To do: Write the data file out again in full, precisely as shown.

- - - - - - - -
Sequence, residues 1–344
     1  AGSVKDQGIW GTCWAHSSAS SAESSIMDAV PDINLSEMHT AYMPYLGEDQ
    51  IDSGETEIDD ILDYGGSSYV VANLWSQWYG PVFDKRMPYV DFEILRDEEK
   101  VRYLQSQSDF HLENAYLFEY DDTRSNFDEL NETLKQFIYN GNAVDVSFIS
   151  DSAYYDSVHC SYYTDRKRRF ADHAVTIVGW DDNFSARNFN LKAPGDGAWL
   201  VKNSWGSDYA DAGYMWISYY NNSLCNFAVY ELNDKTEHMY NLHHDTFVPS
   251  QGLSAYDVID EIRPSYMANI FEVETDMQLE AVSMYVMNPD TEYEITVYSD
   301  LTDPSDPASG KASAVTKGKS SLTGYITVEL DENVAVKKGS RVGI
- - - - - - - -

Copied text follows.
Sequence, residues 1–344
     1  AGSVKDQGIW GTCWAHSSAS SAESSIMDAV PDINLSEMHT AYMPYLGEDQ
    51  IDSGETEIDD ILDYGGSSYV VANLWSQWYG PVFDKRMPYV DFEILRDEEK
   101  VRYLQSQSDF HLENAYLFEY DDTRSNFDEL NETLKQFIYN GNAVDVSFIS
   151  DSAYYDSVHC SYYTDRKRRF ADHAVTIVGW DDNFSARNFN LKAPGDGAWL
   201  VKNSWGSDYA DAGYMWISYY NNSLCNFAVY ELNDKTEHMY NLHHDTFVPS
   251  QGLSAYDVID EIRPSYMANI FEVETDMQLE AVSMYVMNPD TEYEITVYSD
   301  LTDPSDPASG KASAVTKGKS SLTGYITVEL DENVAVKKGS RVGI